Thutmose II was the fourth Pharaoh of the Eighteenth Dynasty of Egypt, and his reign is generally dated from 1493 to 1479 BC.
20 Facts About Thutmose II
Thutmose II died around the age of 30 and his body was found in the Deir el-Bahri Cache above the Mortuary Temple of Hatshepsut.
Thutmose II was, therefore, a lesser son of Thutmose I and chose to marry his fully royal half-sister, Hatshepsut, in order to secure his kingship.
Thutmose II is depicted in several raised relief scenes from a Karnak gateway dating to Thutmose II's reign both together with her husband and alone.
Ineni, who was already aged by the start of Thutmose II's reign, lived through this ruler's entire reign into that of Hatshepsut.
Consequently, the reign length of Thutmose II has been a much debated subject among Egyptologists with little consensus given the small number of surviving documents for his reign.
Thutmose II's reign is still traditionally given as 13 or 14 years.
Von Beckerath additionally stresses that Egyptologists have no conclusive criteria to statistically evaluate the reign length of Thutmose II based on the number of preserved objects from his reign.
Thutmose II contributed to the decoration of the temple of Khnum at Semna.
Thutmose II's Karnak building projects would imply that his reign was closer to 13 years rather than just 3 years.
The Nubian state had been completely subjugated by Thutmose I, but some rebels from Khenthennofer rose up, and the Egyptian forces retreated into a fortress built by Thutmose I On account of his relative youth at the time, Thutmose II dispatched an army into Nubia rather than leading it himself, but he seems to have easily crushed this revolt with the aid of his father's military generals.
Thutmose II seems to have fought against the Shasu Bedouin in the Sinai, in a campaign mentioned by Ahmose Pen-Nekhbet.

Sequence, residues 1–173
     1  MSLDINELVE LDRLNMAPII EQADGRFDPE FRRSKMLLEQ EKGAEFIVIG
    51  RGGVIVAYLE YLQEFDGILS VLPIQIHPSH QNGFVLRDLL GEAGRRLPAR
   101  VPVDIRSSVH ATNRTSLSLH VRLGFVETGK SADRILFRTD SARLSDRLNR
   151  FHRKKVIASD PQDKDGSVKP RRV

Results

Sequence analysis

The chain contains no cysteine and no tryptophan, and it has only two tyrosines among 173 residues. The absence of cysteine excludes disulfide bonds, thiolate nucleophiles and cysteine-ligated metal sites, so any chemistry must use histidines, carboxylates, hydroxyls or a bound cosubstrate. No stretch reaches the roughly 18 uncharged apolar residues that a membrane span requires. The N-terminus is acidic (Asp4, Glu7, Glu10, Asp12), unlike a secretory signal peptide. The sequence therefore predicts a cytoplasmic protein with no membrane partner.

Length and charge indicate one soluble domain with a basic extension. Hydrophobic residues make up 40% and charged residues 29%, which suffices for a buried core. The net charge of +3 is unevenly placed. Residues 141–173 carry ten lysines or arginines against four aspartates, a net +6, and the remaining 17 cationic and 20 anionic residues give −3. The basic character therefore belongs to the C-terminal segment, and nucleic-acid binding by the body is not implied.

Thutmose II's mummy was discovered in the Deir el-Bahri cache, revealed in 1881.
The body of Thutmose II suffered greatly at the hands of ancient tomb robbers, with his left arm broken off at the shoulder-joint, the forearm separated at the elbow joint, and his right arm chopped off below the elbow.
All of these injuries were sustained post-mortem, though the body showed signs that Thutmose II did not have an easy life, as the following quote by Gaston Maspero attests:.
Thutmose II had scarcely reached the age of thirty when he fell a victim to a disease of which the process of embalming could not remove the traces.
The results of the study determined that the mummy of Thutmose II had a craniofacial trait measurement that is common among Nubian populations.
Thutmose II is one of the more popular candidates for the Biblical story of the Pharaoh of the Exodus.
Alfred Edersheim proposes in his Old Testament Bible History that Thutmose II is best qualified to be the pharaoh of Exodus based on the fact that he had a brief, prosperous reign and then a sudden collapse with no son to succeed him.
Edersheim states that Thutmose II is the only Pharaoh's mummy to display cysts, possible evidence of plagues that spread through the Egyptian and Hittite Empires at that time.